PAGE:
BY JIM LOCKWOOD

That’s what he said.

The actor who portrays the fictional David Wallace of the fictional Dunder-Mifflin Paper Co. set in the real-life Scranton called the real-life Scranton Mayor Paige Gebhardt Cognetti to remind city residents to fill out their U.S. Census surveys.

Cognetti said Wednesday she and members of her administration were trying to think of ways to ensure maximum participation of city residents in the census.

“How can we promote this, to personalize it to the city? What better way to do that than with ‘The Office,’ ” Cognetti said.

The NBC sitcom has remained popular in reruns and streaming services, picking up new generations of binge-watching fans.

Cognetti contacted Michelle Dempsey and Tim Holmes, two of the local organizers of ‘Office’ convention and wrap parties held in Scranton during the show’s original run on television.

They got the mayor in contact with actor Andy Buckley, who portrayed Wallace in the show, who “texted right back and said, ‘Anything for the city,’ ” Cognetti said.

The public-access channel Electric City Television, which airs council and other city meetings, helped produce the tongue-in-cheek video, the mayor said.

A 5-minute video posted on YouTube opens with “The Office” theme song playing over a photo of Scranton City Hall superimposed with the words, “The Mayor’s Office.”

Cut to a photo of skyscraper labeled as Dunder-Mifflin headquarters in New York City.

A phone rings and the video cuts to a split-screen of Cognetti and Wallace.

“David Wallace. To what do I owe the pleasure? What’s happening,” Cognetti asks.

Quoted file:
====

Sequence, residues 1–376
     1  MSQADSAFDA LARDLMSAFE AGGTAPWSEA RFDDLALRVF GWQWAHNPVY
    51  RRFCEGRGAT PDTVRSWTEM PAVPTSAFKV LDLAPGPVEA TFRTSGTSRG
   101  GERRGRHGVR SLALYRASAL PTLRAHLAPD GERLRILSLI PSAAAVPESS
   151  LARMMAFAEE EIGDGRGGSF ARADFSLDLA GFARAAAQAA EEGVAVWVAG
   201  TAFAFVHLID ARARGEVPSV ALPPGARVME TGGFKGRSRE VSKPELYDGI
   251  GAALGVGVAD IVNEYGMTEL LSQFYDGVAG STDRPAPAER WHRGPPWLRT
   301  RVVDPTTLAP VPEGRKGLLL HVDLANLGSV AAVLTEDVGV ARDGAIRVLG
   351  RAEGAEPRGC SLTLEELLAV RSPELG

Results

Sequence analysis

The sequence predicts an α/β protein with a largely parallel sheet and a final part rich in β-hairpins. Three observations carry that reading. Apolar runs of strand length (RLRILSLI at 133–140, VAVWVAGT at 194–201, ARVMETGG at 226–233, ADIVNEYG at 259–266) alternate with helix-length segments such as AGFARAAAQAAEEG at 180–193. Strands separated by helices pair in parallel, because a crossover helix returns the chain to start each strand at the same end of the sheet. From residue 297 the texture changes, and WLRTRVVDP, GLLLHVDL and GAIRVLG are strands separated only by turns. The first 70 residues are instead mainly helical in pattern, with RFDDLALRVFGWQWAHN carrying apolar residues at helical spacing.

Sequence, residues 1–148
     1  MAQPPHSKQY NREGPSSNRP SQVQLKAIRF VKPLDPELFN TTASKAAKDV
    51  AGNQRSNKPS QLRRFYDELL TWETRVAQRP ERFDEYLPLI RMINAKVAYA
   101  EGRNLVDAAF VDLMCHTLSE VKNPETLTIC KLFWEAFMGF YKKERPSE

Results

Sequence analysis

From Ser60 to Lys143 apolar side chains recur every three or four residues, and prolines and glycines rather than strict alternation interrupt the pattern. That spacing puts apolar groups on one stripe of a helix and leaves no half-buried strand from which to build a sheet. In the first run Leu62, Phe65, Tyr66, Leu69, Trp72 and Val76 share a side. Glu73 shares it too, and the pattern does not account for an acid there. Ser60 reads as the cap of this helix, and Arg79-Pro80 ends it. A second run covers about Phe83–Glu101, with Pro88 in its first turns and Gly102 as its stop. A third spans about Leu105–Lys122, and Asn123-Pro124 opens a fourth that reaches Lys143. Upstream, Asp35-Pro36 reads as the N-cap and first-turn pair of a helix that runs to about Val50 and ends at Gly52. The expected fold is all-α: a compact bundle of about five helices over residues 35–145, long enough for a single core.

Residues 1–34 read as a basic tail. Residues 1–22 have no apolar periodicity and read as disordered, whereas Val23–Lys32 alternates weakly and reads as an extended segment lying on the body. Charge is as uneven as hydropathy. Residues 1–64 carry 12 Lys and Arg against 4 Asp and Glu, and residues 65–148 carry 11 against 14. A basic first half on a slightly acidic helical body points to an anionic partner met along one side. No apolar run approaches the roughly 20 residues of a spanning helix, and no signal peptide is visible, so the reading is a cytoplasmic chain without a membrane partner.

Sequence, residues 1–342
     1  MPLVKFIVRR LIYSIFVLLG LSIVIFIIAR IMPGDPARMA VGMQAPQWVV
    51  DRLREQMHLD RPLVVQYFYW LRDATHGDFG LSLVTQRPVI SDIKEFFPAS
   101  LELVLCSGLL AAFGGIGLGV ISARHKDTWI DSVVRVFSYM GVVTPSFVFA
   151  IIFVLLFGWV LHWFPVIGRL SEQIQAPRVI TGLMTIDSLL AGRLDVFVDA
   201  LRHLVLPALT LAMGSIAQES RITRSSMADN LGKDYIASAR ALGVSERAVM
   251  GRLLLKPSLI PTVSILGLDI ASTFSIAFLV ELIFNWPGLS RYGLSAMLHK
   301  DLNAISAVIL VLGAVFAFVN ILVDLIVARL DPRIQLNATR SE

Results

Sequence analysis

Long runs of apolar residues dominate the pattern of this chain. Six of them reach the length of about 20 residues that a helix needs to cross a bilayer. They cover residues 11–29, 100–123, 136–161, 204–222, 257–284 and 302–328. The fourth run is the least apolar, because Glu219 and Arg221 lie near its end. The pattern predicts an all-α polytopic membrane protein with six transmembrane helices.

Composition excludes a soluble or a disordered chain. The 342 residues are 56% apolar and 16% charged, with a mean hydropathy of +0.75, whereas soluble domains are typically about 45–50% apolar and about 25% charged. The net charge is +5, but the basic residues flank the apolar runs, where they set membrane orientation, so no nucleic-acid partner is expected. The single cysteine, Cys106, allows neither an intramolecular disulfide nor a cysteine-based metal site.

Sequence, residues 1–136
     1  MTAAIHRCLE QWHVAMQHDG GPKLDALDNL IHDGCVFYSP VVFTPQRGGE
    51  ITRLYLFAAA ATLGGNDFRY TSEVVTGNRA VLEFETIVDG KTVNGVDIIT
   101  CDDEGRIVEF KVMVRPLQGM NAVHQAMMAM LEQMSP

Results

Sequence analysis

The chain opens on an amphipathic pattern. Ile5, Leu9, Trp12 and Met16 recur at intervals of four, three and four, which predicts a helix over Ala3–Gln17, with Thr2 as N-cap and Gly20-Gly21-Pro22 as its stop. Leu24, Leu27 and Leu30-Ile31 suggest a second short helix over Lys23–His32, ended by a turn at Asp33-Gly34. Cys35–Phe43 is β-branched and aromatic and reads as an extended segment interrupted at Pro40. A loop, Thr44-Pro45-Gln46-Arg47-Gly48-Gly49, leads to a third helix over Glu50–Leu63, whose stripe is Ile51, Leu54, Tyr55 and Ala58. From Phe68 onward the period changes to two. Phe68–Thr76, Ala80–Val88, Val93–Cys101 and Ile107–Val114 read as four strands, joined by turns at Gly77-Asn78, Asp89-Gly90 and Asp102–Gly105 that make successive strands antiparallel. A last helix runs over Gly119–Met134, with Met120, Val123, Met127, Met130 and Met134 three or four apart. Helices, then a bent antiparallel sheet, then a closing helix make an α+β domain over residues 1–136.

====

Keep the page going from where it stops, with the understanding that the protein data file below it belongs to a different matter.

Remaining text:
Wallace, letting out a heavy sigh, replies, “Well, Ms. Mayor, we need to talk about the census. The census is going on right now and Scranton is below average. We’re 6% below the average of the state and we need to get those numbers up.”

Cognetti replies, “OK, OK, wow. We’ve been trying. We’ve been working hard, but 6% down, that’s not good. We’ve got to try harder.”

Wallace says, “You don’t want to shortchange yourself. And I understand it’s hard. Everybody is sheltering at home. So I thought I would contact you. And I mean Scranton is my favorite city; it’s certainly where our favorite branch is, and just talk to the folks of Scranton and let them know, right now, the United States Census is happening.”

Wallace then explains the background and purpose of the census, and tells people to check their mail at home for a census survey, fill it out and send it in; or to get counted by going online to my2020census.gov, or calling 844-330-2020.

Wallace then references some Scranton residents who moved away.

“We lost Michael Scott and Holly to Colorado. We lost Jim and Pam to Philadelphia. We lost Creed … to the world, somewhere, who knows. So we don’t want to shortchange ourselves in Scranton because it directly correlates to the programs that we would get from the federal government.”

Cognetti makes the point that being counted now impacts federal funds the city would get over the next decade.

“Especially with the COVID-19 pandemic that we’re having, we’re going to need those resources and we don’t want to shortchange ourselves,” Wallace adds. “Scranton does not want to shortchange itself.”

Contact the writer: jlockwood@timesshamrock.com; 570-348-9100 x5185